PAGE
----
The quality of finishing and assembly is of the highest level. The Jabra Elite 85h also looks good. The structure of the hulls and the hoop is mainly plastic material, but the hinges for folding the helmet are solid metal.

A little artificial intelligence but no touch.

The Jabra Elite 85h offers three listening modes in Bluetooth or wired: compensation circuits off (off), active noise canceling (ANC) or sound return to hear outside noise ( HearThrough ). The headset is equipped with 8 microphones in total to ensure good voice recording during phone calls, reproduce external sounds or cancel them.
The Jabra Sound + app on iOS and Android allows you to adjust preferences for four predefined usage profiles ( In Private, Trips, In Public, My Moment). For each one, it is possible to choose the listening mode and to define an equalization curve. The settings are quite advanced. They include many options for taking call: activation of the ANC, level of return of the voice, increase treble or bass … It may seem complicated, but fortunately, it is possible to keep the settings by default and let the headset automatically choose the profile best suited to the situation. Simply activate the SmartSound function. The Jabra 85h even claims to intelligently manage its noise-canceling system, adapting its level of intervention to ambient noise. It sounds a little bit like a truism or, at least, a tautology, but one has to admit that in the field we have been convinced.
JABRA 85 HJabra had told us that the noise control system of his 85h helmet had a moderate action. We found it, on the contrary, devilishly effective to isolate the noise of a dense circulation for example or to be freed from the effects of the wind. When we were in a quieter place, the ANC did not bother us too much by a too brutal intervention giving the feeling of unpleasant vertigo similar to that which one meets in a deaf room. We have noted sometimes funny pumping effects, like a valve that opens and closes, when we walk or turn our head abruptly. But overall, we greatly appreciated the noise canceling system and automation of the Jabra Elite 85h. Same with regard to the sound return mode,, which seemed much more natural than other headsets or headphones.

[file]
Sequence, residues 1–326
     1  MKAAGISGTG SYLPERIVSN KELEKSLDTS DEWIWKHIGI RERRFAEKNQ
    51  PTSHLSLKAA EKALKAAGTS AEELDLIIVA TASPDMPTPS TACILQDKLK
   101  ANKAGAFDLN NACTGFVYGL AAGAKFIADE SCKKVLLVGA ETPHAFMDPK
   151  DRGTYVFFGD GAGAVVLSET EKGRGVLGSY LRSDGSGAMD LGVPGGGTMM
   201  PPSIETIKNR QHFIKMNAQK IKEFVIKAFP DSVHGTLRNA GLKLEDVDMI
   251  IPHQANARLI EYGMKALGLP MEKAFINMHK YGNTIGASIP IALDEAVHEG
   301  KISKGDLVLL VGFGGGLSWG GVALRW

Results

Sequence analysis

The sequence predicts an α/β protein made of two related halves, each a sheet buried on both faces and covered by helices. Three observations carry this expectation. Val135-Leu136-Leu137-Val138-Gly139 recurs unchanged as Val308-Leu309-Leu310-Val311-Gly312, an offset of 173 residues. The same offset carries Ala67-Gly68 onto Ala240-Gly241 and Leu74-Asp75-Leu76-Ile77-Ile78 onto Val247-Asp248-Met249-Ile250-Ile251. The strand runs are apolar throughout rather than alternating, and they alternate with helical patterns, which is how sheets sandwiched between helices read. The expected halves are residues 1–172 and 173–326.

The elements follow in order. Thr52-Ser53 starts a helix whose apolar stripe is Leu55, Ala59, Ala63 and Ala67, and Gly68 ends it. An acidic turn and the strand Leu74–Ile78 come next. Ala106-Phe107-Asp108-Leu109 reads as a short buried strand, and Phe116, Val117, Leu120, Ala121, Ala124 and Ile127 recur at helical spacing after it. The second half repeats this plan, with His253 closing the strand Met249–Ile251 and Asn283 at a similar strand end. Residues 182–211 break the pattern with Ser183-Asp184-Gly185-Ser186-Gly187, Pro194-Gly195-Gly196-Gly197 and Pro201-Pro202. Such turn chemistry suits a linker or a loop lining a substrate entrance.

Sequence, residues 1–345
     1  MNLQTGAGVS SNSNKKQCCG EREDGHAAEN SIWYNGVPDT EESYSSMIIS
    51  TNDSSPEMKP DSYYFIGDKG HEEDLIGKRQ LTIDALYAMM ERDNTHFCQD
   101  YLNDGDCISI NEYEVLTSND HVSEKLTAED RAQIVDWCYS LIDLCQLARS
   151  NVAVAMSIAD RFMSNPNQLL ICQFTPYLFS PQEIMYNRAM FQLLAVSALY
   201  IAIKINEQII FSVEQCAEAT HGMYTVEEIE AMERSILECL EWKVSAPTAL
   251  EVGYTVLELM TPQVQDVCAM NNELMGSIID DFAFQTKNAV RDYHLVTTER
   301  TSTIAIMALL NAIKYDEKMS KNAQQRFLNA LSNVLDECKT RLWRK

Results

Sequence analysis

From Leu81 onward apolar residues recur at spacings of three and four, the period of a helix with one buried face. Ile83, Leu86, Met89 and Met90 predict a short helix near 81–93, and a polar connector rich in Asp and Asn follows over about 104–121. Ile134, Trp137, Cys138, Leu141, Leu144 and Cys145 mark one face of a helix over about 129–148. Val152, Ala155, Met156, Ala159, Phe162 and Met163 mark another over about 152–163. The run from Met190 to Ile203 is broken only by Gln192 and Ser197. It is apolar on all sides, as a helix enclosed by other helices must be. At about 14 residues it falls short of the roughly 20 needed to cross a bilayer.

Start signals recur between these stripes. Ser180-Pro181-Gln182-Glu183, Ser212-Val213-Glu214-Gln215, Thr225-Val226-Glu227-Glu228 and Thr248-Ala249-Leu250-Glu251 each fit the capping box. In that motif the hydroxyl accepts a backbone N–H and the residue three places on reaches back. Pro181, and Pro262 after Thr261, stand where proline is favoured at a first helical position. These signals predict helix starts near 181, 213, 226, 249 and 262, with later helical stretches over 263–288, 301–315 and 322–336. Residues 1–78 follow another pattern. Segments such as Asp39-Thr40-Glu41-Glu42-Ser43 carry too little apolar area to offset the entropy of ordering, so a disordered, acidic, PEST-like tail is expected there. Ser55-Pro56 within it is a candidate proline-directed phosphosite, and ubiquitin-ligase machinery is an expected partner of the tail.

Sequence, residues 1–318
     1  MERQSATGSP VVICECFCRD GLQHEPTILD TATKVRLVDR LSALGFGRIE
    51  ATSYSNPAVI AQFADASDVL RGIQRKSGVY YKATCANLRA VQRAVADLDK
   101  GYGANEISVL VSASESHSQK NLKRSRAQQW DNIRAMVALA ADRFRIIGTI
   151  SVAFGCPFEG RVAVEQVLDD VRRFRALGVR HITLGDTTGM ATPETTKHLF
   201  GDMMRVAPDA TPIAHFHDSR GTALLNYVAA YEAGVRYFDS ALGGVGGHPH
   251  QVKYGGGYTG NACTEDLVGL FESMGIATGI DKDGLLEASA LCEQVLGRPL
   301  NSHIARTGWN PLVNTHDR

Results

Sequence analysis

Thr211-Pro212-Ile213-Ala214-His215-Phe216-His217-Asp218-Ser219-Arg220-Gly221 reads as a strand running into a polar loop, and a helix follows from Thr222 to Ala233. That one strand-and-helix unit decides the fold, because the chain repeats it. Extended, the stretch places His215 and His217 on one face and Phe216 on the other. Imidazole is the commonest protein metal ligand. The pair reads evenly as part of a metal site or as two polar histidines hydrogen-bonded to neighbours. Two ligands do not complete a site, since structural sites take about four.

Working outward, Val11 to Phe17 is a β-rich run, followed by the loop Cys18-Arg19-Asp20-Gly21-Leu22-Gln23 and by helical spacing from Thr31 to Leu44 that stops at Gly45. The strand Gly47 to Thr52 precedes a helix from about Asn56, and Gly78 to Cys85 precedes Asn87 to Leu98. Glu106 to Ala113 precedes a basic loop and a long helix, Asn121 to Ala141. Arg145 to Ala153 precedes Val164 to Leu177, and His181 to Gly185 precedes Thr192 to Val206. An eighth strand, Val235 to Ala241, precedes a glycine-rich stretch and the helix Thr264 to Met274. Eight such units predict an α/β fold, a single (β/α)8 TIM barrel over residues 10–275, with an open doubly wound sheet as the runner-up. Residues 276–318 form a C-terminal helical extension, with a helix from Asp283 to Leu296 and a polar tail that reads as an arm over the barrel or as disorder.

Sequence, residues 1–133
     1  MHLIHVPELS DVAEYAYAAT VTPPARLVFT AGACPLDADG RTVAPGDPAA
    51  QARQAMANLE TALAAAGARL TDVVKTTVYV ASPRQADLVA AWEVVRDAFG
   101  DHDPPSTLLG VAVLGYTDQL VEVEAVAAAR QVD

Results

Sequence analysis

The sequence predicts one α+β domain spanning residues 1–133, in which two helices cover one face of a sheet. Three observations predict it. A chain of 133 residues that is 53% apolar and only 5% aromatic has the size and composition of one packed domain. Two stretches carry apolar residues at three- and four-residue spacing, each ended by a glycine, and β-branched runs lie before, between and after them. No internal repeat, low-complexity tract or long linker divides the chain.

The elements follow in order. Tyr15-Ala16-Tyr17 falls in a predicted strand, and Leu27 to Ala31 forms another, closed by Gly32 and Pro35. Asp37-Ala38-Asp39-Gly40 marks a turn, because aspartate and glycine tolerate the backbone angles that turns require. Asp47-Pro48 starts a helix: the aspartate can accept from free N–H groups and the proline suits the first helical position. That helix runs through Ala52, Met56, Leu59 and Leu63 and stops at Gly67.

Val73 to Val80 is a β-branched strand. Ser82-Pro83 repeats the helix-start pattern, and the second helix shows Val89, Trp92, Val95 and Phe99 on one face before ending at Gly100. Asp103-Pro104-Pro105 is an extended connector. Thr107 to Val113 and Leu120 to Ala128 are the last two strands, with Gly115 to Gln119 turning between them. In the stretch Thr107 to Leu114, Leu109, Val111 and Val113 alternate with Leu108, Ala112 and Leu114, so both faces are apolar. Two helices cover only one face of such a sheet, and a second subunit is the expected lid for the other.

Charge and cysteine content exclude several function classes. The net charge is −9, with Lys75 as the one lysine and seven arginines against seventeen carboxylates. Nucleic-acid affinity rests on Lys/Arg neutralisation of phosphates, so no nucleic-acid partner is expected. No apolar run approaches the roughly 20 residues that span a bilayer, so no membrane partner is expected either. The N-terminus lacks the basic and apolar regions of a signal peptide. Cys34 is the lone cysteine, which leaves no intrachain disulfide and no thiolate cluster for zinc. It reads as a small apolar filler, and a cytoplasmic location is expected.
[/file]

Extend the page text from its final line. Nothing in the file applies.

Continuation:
Ergonomics has also been completely to our liking. Jabra chose not to equip his helmet with a tactile surface. We are thus more immune to manipulation errors. One has a domed button behind each of the two earpieces, one to choose the listening mode and the other to activate the voice command on the smartphone (Alexa, Google Assistant or Siri). With position sensors, the headset turns on and off automatically when it is removed or removed from the ears. In addition, buttons marked with pins at the top and bottom of the outer panel of the right atrium allow you to adjust the volume or change the range while a recessed button, in the middle, is used to pause, take a call or restart playback. C ‘ is relatively simple. All controls are easy to locate with your fingertips.

No Hi-res audio, yet he can also be an audiophile

Everything was not a long calm river during our tests with the Jabra 85h. His ignition system and automatic connection have sometimes been a problem for Bluetooth pairing with new devices, or it does not always put the music on the go when you put it back.